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National Art Gallery (Bhaktapur) - Bhaktapur-Namaste Bhaktapur.Com        

National Art Gallery (Bhaktapur)

In 1960, the Government of Nepal's Department of Archaeology founded the National Art Gallery, which now occupies a portion of the Bhaktapur Palace. Built inside a section of the historic Royal Palace in Bhaktapur's Durbar Square, this gallery and museum could possibly be Nepal's best.The Department of Archaeology of the Nepalese government was formed in 1960. This museum was established to preserve and exhibit Nepalese traditional paintings.

The best of Bhaktapur’s three museums may be found on the western end of the Royal Palace(LAYAKU). Inside, you’ll find a large collection of Tantric cloth paintings (the Hindu equivalent of Buddhist thangkas), palm-leaf manuscripts, and Metal-Bronze, Stone, and Wooden votive objects, some of which date back to the 12th century. Keep your ticket because it also covers the Tachupal Tole Woodcarving Museum and the Brass & Bronze Museum.

The National Art Gallery is one of Nepal‘s most fascinating and must-see attractions. This gallery is housed in a stunning palace in Bhaktapur, in the heart of the Kathmandu Valley. According to legend, this palace is the oldest in the Kathmandu valley. Aside from that, the arches and patterns are also worth admiring. Manuscripts and chronicles, such as Paubha scroll paintings, bronze, brass, stone, and wooden images, are housed in the exhibit. Two massive guardian lions, one male and one female, stand guard at the gallery’s entrance. Some enormous 17th-century statues of Hanuman the monkey god, in his four-armed Tantric form, and Vishnu as the gut-ripping Narsingha stand beside the lions.

The museum’s pride and joy is its incredible collection of paintings and murals. The paintings and arts on display here are heavily influenced by Buddhism. Thankas are ancient paintings that were used by Buddhist monks to focus during prayers.

Portraits of all the Shah monarchs, including King Gyanendra (the last of the Nepali kings) after the monarchy was abolished in 2008, may be found inside the gallery. Look for pictures of the terrifying Maha Sambhara, which has 21 faces and an incredible number of arms, in the first gallery, and then turn around on the spot to see scenes from the Kama Sutra. There are also numerous valuable scriptures and everyday things on exhibit, as well as examples. The building’s second level is fully dedicated to historical chronicles and manuscripts belonging to numerous kings from the Rana and Shah Dynasties, which provide a wealth of information about the political, cultural, social, and economic aspects of the time. However, some of the materials are classified and are not available for viewing. Researchers could, however, request permission from the Ministry of Culture to view the secret documents. The gallery may be of significant interest and assistance to history students and researchers.

The fact that the gallery is located in a former palace adds to the gallery’s appeal. It was possible to speculate and grasp how the people who lived in the palace lived. The large windows and high ceilings contrast with the small doors. Those seeking to understand the culture and time during the Malla period will find the National Art Gallery of great interest and value.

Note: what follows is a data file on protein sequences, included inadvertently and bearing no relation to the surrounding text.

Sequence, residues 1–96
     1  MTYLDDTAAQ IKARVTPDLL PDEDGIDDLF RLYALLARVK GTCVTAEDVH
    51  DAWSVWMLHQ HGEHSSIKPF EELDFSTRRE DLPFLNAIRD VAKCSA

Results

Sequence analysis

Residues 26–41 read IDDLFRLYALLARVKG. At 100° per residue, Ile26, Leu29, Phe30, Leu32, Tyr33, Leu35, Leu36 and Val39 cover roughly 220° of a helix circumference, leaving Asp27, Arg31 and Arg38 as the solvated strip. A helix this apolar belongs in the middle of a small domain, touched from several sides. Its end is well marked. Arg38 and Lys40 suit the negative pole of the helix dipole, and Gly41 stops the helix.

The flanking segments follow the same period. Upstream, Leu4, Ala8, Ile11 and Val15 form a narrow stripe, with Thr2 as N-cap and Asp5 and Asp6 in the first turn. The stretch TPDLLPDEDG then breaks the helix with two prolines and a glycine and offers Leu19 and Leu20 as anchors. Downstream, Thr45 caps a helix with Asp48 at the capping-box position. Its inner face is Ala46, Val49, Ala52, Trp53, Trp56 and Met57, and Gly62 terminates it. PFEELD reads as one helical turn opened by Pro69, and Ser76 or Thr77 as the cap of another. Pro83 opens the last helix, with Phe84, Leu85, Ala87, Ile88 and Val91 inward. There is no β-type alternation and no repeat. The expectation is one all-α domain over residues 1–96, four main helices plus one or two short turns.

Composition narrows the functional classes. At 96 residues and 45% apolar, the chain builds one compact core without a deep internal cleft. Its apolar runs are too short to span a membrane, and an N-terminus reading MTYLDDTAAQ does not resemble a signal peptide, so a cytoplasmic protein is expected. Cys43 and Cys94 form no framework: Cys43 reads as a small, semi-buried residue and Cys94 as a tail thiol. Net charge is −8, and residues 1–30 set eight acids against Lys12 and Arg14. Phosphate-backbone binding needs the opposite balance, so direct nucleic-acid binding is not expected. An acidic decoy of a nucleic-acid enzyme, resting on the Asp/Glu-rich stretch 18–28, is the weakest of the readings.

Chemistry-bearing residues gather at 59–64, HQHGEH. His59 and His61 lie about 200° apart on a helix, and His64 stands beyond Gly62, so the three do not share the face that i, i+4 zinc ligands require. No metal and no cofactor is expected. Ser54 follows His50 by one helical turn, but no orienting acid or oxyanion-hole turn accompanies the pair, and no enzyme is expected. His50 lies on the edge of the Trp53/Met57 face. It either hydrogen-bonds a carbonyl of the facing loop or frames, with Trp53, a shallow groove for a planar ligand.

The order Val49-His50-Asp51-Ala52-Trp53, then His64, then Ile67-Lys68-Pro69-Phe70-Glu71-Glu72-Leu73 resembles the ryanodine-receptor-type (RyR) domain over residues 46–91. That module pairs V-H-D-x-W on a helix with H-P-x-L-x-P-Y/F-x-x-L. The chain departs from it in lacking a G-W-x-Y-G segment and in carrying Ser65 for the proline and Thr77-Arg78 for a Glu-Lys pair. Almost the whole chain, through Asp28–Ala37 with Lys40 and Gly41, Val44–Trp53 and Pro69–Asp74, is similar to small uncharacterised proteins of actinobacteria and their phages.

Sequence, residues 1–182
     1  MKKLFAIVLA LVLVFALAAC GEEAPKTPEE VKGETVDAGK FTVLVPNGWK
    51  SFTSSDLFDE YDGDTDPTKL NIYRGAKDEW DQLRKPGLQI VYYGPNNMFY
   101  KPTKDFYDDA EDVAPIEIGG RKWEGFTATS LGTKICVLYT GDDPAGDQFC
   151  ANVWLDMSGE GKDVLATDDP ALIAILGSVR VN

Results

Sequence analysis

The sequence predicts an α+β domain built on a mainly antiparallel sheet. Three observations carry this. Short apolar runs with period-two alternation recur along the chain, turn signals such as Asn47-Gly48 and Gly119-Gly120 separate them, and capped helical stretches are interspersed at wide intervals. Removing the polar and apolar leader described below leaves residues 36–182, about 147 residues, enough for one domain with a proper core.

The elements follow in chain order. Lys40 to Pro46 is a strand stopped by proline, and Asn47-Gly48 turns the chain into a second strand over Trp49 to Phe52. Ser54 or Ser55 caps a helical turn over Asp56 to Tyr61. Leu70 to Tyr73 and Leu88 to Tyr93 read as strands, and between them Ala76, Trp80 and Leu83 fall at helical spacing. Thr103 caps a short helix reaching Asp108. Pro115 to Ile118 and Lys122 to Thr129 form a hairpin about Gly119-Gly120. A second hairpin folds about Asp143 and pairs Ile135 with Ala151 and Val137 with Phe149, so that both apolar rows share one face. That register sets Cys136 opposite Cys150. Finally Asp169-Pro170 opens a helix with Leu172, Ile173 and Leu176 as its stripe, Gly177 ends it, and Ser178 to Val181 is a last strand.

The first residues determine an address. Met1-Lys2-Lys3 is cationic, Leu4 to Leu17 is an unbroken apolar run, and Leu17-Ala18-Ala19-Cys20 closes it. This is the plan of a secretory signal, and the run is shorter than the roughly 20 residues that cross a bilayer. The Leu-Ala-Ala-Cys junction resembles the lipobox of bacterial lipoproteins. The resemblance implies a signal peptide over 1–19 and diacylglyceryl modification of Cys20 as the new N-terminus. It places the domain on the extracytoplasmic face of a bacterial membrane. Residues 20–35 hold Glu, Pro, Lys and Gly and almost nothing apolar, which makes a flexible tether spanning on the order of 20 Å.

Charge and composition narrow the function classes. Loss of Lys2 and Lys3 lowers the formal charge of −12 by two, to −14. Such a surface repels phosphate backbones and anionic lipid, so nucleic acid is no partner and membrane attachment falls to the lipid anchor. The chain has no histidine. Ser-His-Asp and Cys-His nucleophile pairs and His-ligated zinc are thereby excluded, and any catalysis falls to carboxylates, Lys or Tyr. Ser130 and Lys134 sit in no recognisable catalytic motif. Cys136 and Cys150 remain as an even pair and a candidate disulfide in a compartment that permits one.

National Art Gallery is not included in the basic entrance charge to Bhaktapur. A ticket to the National Art Gallery costs 150 rupees, but it also grants you admission to the Woodwork and  Brass-Bronze  Museums in Dattatreya Square. The museum is open from 10 AM to 4 PM and only until 3 PM on Friday and close on public holidays.

Stone Art Section:

The Stone Art portion of the gallery is located on the ground level, adjacent to the gallery’s main entrance. Some stone inscriptions date from 1468 A.D., during the reigns of Lichhavi King Shiva Deva and King Yaksha Malla. Some of the stone sculptures are quite amazing. The stone sculptures on display are largely from the Bhaktapur district and depict Nepalese stone art from the early medieval through medieval periods. Harihar, Surya, Chandrama, Vishnu, Tara, Ardhanariswar, and various architectural remains are all worth noticing. The stone idol of Harishanker, which was rescued from the temple that was devastated in the earthquake of 1934, is an unusual piece of sculpture. Because this statue is a hybrid of Shiva and Vishnu, it contains emblems from both gods.

Painting Section:

The first floor is devoted to Paubhas and Manuscripts, as well as paintings. Particularly noteworthy are the Paubhas. Vasundhara Mandala, Ganesh with Shakti, Mahisa Sambhara, Vajra Yogini, and Shiva Viswarupa are among the most important of these. There are five showcases in the main exhibition hall in the center of the room that include some extremely valuable ancient illustrated manuscripts and covers. One of them represents King Pratap Malla’s pilgrimage visit. The manuscripts of 11th Century Vishnu Dasavatara and the 13th Century Manuscript cover of Shiva Dharma Puran are two more important items. In this portion, there is a rectangular room that resembles a corridor, with rows of paintings representing Shiva Viswarupa, who is multi-armed and multi-headed, on the northern wall painting facing south. Watercolors of the aquatic world, mythical dragons, numerous birds, bulls, and other animals are shown along the long hallways. They are the outstanding examples of Nepalese medieval folk art.


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